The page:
Night blooming cacti

UrsulaMDecember 27, 2002

I am trying to find night blooming cacti that I saw in a gardening magazine last year.Unfortunately they were out of stock and I misplaced the magazine..The flowers were yellow and small not like the night blooming Cereus mentioned here!Can anyone help..Thanks ...UrsulaM

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fishies(Ottawa z4a or 5)

Try posting your question on the cactus/succulent forum. I've never heard of such a cactus, but then I've only been a cactaholic for a few years now. I, too, would love to know about this "night blooming cactus" business...

Shelly

    Bookmark   January 11, 2003 at 10:10AM
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fishies(Ottawa z4a or 5)

The name of at least one of the night blooming cacti is Seleniarius grandiflora, or Cardon, as it is commonly known.

Found some pictures, too. These two websites seem to be photographs of different plants, although the flowers are similar, and so it may just be that different growing conditions have modified how each plant has grown. The first site shows a plant that is significantly fatter than the one on the other site, and whose plant seems to have less, and shorter, spines.

Here is a link that might be useful: Night blooming cactus #1

    Bookmark   January 11, 2003 at 10:19AM
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fishies(Ottawa z4a or 5)

This site actually names the plant, and has a much better quality picture.

Remember, though: it's really hard to get cacti houseplants to flower. So if you set this one outside, there's no guarantee that it'll flower. Living in Maine, your plant would have to be treated as a houseplant that you would put outside just for the summer months. In my experience, this kind of climate (house temp to summer heat) isn't condusive to flowering.

Here is a link that might be useful: Seleniarius grandiflora

    Bookmark   January 11, 2003 at 10:25AM
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fishies(Ottawa z4a or 5)

Did a search for this alleged "night blooming cactus" on desert tropicals, and found one called Peniocereus greggii. This one is apparently hardy to -6 degrees C. (20 degrees F), and can handle light shade. It's also called Night Blooming Cereus, Reina de la Noche, or Arizona Queen of the Night.

Here's a picture, but that has no flower:

Here is a link that might be useful: Peniocereus greggii

    Bookmark   January 16, 2003 at 10:41AM
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fishies(Ottawa z4a or 5)

The desert tropicals site won't let me link directly to the page with that plant on it. The link above takes you to the site's home page, so on the toolbar on the left, you'll need to click on "succulents", and then search in the alphabetical index for Peniocereus greggi. Sorry about that.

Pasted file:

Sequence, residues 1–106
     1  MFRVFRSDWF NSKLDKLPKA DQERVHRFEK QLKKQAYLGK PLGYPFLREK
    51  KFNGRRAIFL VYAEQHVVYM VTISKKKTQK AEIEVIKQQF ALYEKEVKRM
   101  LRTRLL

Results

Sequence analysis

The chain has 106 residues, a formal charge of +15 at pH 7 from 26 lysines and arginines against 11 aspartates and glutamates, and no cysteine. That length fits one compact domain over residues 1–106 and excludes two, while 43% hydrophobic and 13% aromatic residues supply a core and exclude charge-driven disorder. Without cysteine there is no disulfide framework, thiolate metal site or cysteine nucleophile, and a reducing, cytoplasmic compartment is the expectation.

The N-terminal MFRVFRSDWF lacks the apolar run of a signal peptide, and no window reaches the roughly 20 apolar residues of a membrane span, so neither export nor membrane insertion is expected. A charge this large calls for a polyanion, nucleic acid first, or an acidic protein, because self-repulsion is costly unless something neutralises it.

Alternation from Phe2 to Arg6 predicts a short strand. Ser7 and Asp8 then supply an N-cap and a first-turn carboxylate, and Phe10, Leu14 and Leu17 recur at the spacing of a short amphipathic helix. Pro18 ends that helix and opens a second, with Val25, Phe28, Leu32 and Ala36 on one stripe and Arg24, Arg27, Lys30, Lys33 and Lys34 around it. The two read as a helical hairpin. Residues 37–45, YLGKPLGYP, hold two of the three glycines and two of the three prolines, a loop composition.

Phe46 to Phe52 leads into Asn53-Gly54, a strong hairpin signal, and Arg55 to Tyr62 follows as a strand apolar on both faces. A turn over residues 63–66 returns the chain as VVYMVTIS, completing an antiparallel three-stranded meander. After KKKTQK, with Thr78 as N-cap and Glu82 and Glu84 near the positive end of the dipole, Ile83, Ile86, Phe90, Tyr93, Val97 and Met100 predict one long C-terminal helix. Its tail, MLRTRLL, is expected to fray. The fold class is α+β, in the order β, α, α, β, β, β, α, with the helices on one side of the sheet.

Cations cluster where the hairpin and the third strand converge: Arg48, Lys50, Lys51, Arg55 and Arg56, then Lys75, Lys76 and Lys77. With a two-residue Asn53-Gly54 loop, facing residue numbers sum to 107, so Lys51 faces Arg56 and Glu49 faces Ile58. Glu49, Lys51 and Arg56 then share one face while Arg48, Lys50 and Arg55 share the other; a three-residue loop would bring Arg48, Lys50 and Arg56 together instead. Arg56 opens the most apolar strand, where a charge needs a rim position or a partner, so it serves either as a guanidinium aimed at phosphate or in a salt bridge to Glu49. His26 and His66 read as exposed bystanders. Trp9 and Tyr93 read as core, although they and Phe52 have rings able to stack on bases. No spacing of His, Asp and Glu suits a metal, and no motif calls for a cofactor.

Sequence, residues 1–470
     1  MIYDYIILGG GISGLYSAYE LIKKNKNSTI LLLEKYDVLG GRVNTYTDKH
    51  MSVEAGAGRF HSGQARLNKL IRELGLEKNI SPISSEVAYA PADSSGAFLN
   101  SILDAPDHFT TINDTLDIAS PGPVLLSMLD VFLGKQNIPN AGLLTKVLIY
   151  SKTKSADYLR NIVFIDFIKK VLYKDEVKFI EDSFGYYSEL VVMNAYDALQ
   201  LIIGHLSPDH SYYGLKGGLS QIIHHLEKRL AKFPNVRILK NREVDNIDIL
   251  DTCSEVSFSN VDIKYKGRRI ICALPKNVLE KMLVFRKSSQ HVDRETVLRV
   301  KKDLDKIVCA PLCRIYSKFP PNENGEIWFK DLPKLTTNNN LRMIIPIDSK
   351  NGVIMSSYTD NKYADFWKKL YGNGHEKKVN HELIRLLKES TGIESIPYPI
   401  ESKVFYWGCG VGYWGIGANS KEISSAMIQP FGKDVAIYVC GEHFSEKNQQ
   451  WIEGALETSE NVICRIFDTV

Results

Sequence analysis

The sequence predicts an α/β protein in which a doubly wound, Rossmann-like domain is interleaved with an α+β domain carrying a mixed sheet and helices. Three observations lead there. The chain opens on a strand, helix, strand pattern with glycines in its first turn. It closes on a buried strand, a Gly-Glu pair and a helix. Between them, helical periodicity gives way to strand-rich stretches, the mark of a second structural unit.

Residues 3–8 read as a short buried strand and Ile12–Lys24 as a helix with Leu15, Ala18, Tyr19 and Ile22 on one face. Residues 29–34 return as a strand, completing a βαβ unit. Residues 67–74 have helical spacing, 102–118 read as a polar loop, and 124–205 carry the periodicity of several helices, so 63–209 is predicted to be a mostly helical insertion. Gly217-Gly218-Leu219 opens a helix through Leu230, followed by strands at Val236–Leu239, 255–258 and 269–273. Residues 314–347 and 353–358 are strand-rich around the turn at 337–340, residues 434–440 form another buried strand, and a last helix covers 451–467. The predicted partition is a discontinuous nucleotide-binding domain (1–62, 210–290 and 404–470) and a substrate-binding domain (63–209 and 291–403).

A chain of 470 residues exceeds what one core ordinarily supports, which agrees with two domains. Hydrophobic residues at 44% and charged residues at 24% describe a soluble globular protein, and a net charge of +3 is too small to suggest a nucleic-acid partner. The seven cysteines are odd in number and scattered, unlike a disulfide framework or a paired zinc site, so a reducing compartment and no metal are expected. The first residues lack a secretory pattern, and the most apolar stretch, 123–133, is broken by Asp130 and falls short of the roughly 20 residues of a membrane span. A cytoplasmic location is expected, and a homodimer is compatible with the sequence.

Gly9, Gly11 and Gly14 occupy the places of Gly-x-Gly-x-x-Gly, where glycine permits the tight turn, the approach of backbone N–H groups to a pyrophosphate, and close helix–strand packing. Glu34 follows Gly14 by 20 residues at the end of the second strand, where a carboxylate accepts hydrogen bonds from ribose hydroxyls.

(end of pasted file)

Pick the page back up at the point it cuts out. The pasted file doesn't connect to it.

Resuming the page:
Bookmark   January 16, 2003 at 10:43AM
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jancc(westaus)

Hi just logged into this sight. is there another Seleniarus grandiflora? I have two types here. One has three ribs, the other four, like the one in the photos by fishies. They have the same flower. The four ribbed one flowered about 6 years ago. The three ribbed one has two buds on it now. It's about 6 years old also, grown from a stem cutting. This is it's first time flowering. Any info would be appreciated.
Cheers Jancc

    Bookmark   February 27, 2003 at 9:58AM
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Joylene(Vic.Australia)

Cactus that flower at night usually have white flowers. eg species of Cereus and most of the Trichocereus. There are Trichocereus with yellow or red flowers too. White flowers are usually bat pollinated plants. Therefore don't need the colourful flowers to attract insects. I grow many of these plants in Australia and the flowers open at night but will stay open for two or more days and the bees love the copious pollen they have. On a warm summers evening the wonderful perfume of the Trichocereus flowers is quite an experience. You can tell the difference between a Trichocereus and a Cereus by the flower stalk. Cereus are smooth and the Trichocereus buds and flower stem parts are quite hairy. Tricho. flowers can be picked and put in a bowl (no water needed) in the house and will stay open for several days and perfume the house! Cereus flowers will wilt if picked. Joylene. Australia!

    Bookmark   March 2, 2003 at 6:08AM
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